Remember though, that the cereal industry would have split motives. Probably their LARGEST source of income is cattle and chicken feed. Their monetary incentive in dietary cholesterol control would not be nearly so clear as the cholesterol producers.

    For all those Cocoa Puffs, Cheerios, and SmartStarts there's an AWFULLY lot more meat, eggs, milk, and cheese sold.

    Of course, there's the sugar lobby to consider.

     
    Old 02-07-2005, 07:10 AM   #12
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    Re: Eggs and raising Cholesterol

    OK,
    I found something good in the Journal of the American College of Nutrition written by a Donald McNamara of the Egg Institute (one might expect a teeny bias):
    Quote:
    For over 25 years eggs have been the icon for the fat, cholesterol and caloric excesses in the American diet, and the message to limit eggs to lower heart disease risk has been widely circulated. The "dietary cholesterol equals blood cholesterol" view is a standard of dietary recommendations, yet few consider whether the evidence justifies such restrictions. Over 50 years of cholesterol-feeding studies show that dietary cholesterol does have a small effect on plasma cholesterol concentrations. The 167 cholesterol feeding studies in over 3,500 subjects in the literature indicate that a 100 mg change in dietary cholesterol changes plasma total cholesterol by 2.2 mg/dL.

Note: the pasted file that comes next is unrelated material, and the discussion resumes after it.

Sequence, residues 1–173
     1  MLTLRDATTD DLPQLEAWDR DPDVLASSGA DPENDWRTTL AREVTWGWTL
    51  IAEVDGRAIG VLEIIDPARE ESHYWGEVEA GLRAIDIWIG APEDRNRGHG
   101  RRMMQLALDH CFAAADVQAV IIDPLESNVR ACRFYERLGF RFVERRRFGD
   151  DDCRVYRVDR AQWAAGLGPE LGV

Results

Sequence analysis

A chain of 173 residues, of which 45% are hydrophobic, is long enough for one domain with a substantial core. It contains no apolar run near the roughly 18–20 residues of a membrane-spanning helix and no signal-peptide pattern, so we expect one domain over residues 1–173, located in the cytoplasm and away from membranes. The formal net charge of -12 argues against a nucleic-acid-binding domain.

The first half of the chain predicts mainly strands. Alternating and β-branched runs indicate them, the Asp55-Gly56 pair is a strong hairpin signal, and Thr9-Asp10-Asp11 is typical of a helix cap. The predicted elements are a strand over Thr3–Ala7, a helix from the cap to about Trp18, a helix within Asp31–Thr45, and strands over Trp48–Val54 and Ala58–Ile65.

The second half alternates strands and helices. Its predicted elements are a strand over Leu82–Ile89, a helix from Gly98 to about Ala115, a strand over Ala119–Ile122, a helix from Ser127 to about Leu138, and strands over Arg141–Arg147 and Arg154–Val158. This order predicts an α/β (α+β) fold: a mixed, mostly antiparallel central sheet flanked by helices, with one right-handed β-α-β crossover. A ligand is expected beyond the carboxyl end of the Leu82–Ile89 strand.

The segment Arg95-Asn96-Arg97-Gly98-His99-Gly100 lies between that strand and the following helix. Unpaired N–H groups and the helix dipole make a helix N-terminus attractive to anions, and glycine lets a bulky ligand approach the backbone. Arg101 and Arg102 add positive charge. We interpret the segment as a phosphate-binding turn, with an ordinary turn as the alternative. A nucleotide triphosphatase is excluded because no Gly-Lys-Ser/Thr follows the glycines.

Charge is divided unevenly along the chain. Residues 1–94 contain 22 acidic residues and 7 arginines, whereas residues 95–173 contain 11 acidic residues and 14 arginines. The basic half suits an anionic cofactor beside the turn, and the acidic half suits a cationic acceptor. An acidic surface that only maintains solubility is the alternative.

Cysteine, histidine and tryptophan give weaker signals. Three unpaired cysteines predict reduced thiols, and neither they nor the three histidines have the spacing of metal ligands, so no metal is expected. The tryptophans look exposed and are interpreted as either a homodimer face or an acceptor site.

So even the Egg Institute admits that a 3 extra large egg breakfast would raise an average person's total cholesterol by 20 points; not earthshattering but certainly significant. Later he talks about LDL and HDL being increased by similar amounts (GOOD!)

    Looking over all the charts of cholesterol content I've come to one conclusion, if you eat egg YOLKS you cannot stick to a 300 mg. limit; without eggs it's easy as pie <no yolks in the crust!> Eggs are the only COMMON food that is very high in cholesterol.

    (We'll ignore brains, liver, squid, and caviar, but I guess we can't ignore SHRIMP)

    And "monkeying around" with another study:
    Quote: